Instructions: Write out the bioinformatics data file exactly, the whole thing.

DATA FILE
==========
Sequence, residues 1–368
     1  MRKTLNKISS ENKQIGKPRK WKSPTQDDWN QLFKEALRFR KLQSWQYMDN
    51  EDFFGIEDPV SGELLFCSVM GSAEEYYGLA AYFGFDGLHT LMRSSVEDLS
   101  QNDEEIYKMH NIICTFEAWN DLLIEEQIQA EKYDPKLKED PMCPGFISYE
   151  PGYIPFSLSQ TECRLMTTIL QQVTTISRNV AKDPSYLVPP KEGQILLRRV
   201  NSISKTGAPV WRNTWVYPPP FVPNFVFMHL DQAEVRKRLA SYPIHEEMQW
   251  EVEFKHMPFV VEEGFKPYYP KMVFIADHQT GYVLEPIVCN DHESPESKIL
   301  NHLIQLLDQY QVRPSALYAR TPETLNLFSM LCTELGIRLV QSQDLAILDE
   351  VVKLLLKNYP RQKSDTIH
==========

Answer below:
Sequence, residues 1–368
     1  MRKTLNKISS ENKQIGKPRK WKSPTQDDWN QLFKEALRFR KLQSWQYMDN
    51  EDFFGIEDPV SGELLFCSVM GSAEEYYGLA AYFGFDGLHT LMRSSVEDLS
   101  QNDEEIYKMH NIICTFEAWN DLLIEEQIQA EKYDPKLKED PMCPGFISYE
   151  PGYIPFSLSQ TECRLMTTIL QQVTTISRNV AKDPSYLVPP KEGQILLRRV
   201  NSISKTGAPV WRNTWVYPPP FVPNFVFMHL DQAEVRKRLA SYPIHEEMQW
   251  EVEFKHMPFV VEEGFKPYYP KMVFIADHQT GYVLEPIVCN DHESPESKIL
   301  NHLIQLLDQY QVRPSALYAR TPETLNLFSM LCTELGIRLV QSQDLAILDE
   351  VVKLLLKNYP RQKSDTIH